Praise and rewards will speed up the learning process. Like small children, they should not be expected to travel very far to find their toilet areas. When introducing a new cat into the home, confine the cat to one room with its litterbox, bed, food and water, until the cat has used the litterbox several times and shows an interest in exploring the rest of the house. Once you have decided on the placement for the litter boxes in your house — Don’t move them! Help your cat feel comfortable in his home territory. Play games with him, give him a massage, and talk to him frequently. Give him positive and affectionate attention. A confident, secure, contented and relaxed cat does not need to relieve anxiety and stress by such extreme measures as urine or fecal marking.
HELP! The Kitty Is Not Using the Litter Box
Contrary to popular myth, Garfield wasn’t born using a litter box, he was drawn that way! Cats do not come into this world ‘knowing’ how to use a litter box, that is, a colored plastic box filled with sterilized clay gravel. Cats learn what and where the “bathroom” is from their mom at about four weeks of age. Learning can happen so quickly that the casual observer may be unaware that any active instruction has taken place. In the case of orphan kittens, the caretaker must introduce the box concept otherwise the kittens will randomly choose a spot and imprint on the texture (cloth towels, dust balls, carpeting, etc.). The kitten should be placed in the litter box upon waking, after meals and vigorous play. The front paws can be dragged through the litter to simulate digging/covering. Most kittens take over and successfully use the box. The trick is to keep watch to make sure that the box is the only spot the kitten uses. An unsupervised kitten can easily lose track of the litter box; if nature calls, the kitten will use whatever is nearby.
STRAYS AND FERAL CATS – If the kitten was born outside, mom may have designated a clump of leaves or soft garden earth as the bathroom. Imprinted on that texture, recently homed feral and stray cats may have to be actively trained to use a box filled with clay litter. While some strays catch on quickly, others don’t. Try a fine grained sand-type litter rather than gravel textured clay. In some cases it may be necessary to start off with the substance the cat was used to (soil, sand, newspaper) and gradually make the switch by changing the proportion of old type to new type over a period of several weeks. Clean the solids out of the litter box daily; completely change the litter and wash out the box as often as necessary to keep it clean and dry. Remember, a cat who lived outdoors had many sites to choose from; a dirty box will drive the cat away from the box to a cleaner, drier spot (the back of your closet!). If the cat refuses to use the box at any stage, back up to the last stage at which he was successful.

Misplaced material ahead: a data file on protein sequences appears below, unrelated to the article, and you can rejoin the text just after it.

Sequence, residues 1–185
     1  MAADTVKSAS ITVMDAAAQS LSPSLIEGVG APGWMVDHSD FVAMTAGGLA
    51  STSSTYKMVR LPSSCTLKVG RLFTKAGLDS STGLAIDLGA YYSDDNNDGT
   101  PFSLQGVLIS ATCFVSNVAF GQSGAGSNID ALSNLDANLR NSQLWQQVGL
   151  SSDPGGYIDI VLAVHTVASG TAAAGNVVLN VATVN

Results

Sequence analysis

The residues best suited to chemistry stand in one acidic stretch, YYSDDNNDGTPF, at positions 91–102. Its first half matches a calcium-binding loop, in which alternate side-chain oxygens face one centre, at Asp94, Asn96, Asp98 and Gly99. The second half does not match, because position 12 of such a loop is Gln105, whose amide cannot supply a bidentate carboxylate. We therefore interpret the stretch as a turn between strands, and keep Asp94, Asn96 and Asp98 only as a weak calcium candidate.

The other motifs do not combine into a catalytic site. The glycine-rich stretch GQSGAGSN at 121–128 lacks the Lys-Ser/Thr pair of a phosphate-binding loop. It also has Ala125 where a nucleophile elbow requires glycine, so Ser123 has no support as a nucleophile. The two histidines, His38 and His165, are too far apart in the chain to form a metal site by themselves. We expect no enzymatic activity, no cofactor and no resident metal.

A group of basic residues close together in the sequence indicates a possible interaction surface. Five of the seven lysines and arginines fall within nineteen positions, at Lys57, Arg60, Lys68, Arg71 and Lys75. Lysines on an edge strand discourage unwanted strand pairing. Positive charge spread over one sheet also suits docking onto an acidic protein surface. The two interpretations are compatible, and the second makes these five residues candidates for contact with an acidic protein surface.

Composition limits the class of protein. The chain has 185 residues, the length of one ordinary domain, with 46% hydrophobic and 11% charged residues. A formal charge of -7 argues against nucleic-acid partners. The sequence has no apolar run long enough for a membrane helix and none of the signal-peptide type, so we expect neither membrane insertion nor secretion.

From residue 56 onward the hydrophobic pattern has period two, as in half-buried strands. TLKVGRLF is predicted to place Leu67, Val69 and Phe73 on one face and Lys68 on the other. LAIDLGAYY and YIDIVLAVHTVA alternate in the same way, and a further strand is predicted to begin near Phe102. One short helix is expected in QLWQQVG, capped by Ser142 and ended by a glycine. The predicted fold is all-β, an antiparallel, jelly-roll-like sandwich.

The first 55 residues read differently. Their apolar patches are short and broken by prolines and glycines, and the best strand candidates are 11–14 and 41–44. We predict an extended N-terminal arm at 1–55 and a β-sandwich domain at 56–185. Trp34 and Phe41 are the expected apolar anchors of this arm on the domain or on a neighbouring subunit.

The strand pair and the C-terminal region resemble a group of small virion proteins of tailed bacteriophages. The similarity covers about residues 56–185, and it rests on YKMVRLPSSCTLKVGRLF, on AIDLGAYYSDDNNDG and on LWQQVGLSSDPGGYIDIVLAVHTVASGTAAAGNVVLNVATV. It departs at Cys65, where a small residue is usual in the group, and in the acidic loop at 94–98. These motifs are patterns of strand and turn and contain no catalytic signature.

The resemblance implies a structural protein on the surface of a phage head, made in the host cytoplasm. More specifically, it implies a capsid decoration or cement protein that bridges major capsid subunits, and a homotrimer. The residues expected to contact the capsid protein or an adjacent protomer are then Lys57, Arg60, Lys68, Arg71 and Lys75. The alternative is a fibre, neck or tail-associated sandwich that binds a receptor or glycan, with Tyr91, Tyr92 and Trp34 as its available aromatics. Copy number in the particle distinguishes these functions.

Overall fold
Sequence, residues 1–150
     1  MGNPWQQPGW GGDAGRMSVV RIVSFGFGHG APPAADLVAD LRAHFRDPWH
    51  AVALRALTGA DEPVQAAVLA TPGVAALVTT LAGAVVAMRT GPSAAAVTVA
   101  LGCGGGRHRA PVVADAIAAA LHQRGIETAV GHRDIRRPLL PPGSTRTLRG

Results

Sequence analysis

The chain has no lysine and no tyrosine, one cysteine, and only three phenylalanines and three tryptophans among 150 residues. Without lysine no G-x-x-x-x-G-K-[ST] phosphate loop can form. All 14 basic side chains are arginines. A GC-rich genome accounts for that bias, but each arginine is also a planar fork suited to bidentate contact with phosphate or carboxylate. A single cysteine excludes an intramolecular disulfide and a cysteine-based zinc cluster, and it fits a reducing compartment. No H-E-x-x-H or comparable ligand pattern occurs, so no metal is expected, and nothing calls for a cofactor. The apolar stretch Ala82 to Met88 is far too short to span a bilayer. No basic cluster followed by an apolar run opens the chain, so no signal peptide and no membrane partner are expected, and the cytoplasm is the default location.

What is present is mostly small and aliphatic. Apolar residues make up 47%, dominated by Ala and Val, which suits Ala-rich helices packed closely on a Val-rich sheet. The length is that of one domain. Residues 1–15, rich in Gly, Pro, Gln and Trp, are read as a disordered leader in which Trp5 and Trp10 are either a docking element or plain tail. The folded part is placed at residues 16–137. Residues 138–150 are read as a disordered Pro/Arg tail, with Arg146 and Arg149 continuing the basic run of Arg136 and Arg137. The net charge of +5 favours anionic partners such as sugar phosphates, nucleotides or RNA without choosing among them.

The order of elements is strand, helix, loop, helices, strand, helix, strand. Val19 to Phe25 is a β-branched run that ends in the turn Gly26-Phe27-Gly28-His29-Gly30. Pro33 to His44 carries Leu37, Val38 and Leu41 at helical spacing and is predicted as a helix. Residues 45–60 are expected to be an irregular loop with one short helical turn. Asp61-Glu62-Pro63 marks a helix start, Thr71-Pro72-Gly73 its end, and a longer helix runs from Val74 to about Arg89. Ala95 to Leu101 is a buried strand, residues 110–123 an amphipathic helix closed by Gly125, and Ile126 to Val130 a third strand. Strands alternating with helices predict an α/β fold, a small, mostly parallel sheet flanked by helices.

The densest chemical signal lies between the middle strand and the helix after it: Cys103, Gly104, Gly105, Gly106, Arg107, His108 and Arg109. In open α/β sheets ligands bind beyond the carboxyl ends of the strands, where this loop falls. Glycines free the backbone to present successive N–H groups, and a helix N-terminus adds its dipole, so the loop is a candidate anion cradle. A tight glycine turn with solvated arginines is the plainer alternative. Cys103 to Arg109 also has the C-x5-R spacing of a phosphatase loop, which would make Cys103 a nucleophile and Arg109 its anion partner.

IS SHE SPAYED…IS HE NEUTERED? – Sexually mature cats use urine and feces to mark territory and advertise for a mate. If your cat is over 6, months of age, it should be spayed or neutered; male cats are neutered, females are spayed. This is a relatively simple surgical procedure preformed on an anesthetized cat by a veterinarian. Call your vet or your local SPCA to get more information. An intact cat that does not use the litter box is very difficult to train; the behavior is hormonally influenced.
SPRAYING…WHAT IS IT AND WHY! – Is the urine puddle up against the wall or along the side of the sofa? If so, the cat is not urinating out of his box, he is spraying. When a cat squats, he is emptying his bladder to get rid of bodily waste; a cat does not squat when he sprays. He is standing with his tail straight up when he sends a stream of urine sideways; it hits the wall and runs down onto the floor. It is not clear whether spraying claims territory or warns trespassers to stay away, but it is clear that is has nothing to do with ‘having to go to the bathroom’. It commonly accompanies stress. Although -both males and females spray, males tend to do so more frequently, and un-neutered males almost always do it. The good news is if the cat has just started to spray and is an un-neutered male, very often neutering will put a stop to the behavior. Unfortunately, if the cat has been allowed to spray for some time, as is the case with many rescued tom cats, neutering may not solve the problem. Once the behavior becomes habitual, the cat may continue to spray. It may be necessary to work with a professional behavior counselor in order to modify the behavior.
CLEAN BOX… CLEAN CAT – Cats will often refuse to use the litter box if it isn’t kept clean. For some cats this means cleaning out the box after each use, for others once a day is more than enough. If the cat thinks the box is dirty, he may use the area around the box (throw rug, sink or tub), especially if he kicks litter out of the box and it scatters,
IS HE REALLY BOX TRAINED? – Some cats can become oriented to-the location of the box. You may think he is trained to the box when he is really trained to use the space in which you have placed the box. In this case, the cat will continue to eliminate where the box used to be. If you must change the box’s location, move it a few feet each day until it reaches the new location. If you have moved into a new home, actively show the cat where the box is after he’s eaten and when he wakes from napping or at times when you know the cat ‘has to go’. For some- cats changing litter texture (clay to cedar chips or stripped newspaper) or switching to a scented litter may cause the cat to go elsewhere. Switching back to the former litter usually solves the problem. Changing the size/type of box (covered/uncovered) can also send the cat elsewhere. After all, that’s not what his bathroom looks/feels/smells like!